No two snowflakes are alike, right? We know this thanks to a Jericho, Vermont, farm boy and citizen engineer named Wilson A. Bentley, who adapted a microscope to a camera and spent 40 years capturing thousands of unique images.
The SnowCrystals Website is maintained by Kenneth Libbrecht, chairman of the Physics Department at Caltech, who describes it as being “all about snow crystals and snowflakes — what they are, where they come from, and just how these remarkably complex and beautiful structures are created, quite literally, out of thin air.
SnowSchool is a winter ecology education program that aims to expose children to the fun and wonder of their winter environment. SnowSchool sites include unspoiled national forests, nordic ski areas, regional parks, vibrant nature centers and preserves, colleges, universities, and some of the nation’s most spectacular national parks. Visitors to the online site can find snow-related lesson plans, a page on snow science, and links to other websites.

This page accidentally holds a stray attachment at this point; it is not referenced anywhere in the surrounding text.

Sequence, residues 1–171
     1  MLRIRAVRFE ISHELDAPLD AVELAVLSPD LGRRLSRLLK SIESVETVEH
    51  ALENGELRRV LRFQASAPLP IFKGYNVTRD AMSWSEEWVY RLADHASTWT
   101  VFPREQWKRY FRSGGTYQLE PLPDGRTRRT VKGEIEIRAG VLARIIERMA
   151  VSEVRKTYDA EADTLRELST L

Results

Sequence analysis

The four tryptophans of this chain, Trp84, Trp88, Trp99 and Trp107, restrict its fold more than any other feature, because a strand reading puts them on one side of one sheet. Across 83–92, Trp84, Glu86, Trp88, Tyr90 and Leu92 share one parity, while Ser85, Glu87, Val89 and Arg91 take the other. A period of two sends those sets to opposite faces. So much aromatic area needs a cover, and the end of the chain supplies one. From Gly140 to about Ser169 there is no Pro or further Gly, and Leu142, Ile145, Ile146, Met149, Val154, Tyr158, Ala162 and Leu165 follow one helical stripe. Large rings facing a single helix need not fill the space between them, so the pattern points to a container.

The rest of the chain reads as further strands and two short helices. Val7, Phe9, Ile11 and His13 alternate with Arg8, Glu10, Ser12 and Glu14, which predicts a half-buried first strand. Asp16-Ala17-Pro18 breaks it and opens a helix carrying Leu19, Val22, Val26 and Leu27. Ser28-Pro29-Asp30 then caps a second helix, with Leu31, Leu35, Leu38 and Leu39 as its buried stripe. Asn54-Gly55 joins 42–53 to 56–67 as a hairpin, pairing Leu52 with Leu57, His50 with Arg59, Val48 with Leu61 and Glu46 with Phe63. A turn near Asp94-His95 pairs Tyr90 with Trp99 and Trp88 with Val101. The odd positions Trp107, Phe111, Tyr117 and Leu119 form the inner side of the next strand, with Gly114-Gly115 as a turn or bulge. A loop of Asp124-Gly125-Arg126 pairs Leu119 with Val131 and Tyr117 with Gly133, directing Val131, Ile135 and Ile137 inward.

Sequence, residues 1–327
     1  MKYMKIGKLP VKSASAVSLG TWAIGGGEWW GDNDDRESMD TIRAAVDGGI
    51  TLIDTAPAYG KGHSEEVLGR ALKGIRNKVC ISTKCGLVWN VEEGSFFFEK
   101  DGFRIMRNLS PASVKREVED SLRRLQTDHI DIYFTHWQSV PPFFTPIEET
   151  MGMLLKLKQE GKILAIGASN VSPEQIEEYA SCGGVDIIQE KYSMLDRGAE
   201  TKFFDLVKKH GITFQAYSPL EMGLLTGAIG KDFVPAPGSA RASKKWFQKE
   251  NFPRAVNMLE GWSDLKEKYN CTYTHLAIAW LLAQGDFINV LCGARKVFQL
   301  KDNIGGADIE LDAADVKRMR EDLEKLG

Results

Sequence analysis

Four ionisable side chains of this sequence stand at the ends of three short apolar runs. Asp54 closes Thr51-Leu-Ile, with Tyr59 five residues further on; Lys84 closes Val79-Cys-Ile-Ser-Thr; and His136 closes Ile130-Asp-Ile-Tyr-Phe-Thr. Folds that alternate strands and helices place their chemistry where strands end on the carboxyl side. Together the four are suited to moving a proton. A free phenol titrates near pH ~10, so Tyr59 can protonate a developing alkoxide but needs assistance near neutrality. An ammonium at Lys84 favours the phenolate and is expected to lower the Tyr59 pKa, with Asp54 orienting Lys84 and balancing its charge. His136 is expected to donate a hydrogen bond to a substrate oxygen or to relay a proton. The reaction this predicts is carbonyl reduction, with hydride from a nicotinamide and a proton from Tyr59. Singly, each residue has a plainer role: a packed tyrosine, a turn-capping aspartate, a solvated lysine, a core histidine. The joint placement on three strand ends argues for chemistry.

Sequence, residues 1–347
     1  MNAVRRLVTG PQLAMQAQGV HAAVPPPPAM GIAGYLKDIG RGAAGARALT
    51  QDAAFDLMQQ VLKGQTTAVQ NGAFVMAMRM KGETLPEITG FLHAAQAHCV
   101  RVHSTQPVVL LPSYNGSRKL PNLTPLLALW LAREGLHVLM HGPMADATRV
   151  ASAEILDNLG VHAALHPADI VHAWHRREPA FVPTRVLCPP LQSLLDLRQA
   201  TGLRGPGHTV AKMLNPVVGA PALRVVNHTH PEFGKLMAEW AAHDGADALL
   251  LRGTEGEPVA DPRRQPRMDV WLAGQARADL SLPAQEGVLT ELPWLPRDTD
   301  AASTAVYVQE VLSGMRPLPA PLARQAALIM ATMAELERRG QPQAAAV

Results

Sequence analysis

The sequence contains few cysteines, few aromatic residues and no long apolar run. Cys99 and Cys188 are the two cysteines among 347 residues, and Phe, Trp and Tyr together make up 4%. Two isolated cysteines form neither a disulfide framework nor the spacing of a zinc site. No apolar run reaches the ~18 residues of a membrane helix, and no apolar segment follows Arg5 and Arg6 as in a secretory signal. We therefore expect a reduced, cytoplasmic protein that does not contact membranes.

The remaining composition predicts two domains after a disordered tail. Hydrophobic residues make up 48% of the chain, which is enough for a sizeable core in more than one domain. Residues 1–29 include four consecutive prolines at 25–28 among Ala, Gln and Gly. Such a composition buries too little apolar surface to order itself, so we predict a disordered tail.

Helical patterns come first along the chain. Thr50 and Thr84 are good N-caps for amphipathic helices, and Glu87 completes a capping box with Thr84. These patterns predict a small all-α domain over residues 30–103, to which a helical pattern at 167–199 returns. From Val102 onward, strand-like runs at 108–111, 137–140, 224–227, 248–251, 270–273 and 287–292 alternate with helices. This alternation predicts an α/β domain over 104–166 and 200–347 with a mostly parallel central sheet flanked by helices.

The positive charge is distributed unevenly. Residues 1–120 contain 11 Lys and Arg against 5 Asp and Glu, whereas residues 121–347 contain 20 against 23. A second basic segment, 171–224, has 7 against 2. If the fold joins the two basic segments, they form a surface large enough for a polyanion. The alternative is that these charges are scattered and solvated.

The Education Center of the National Snow and Ice Data Center, University of Colorado at Boulder, hosts several Web pages with information on snow, ice, glaciers, frozen ground, and the cryosphere — those regions of Earth that remain permanently frozen year-round. Visit the website to learn about the basics and ongoing research; view image galleries; and read about recent expeditions.
“The Science of Winter,” from the National Science Digital Library, is a collection of activities, lessons, interactives, images, and other content that demonstrate scientific aspects of winter.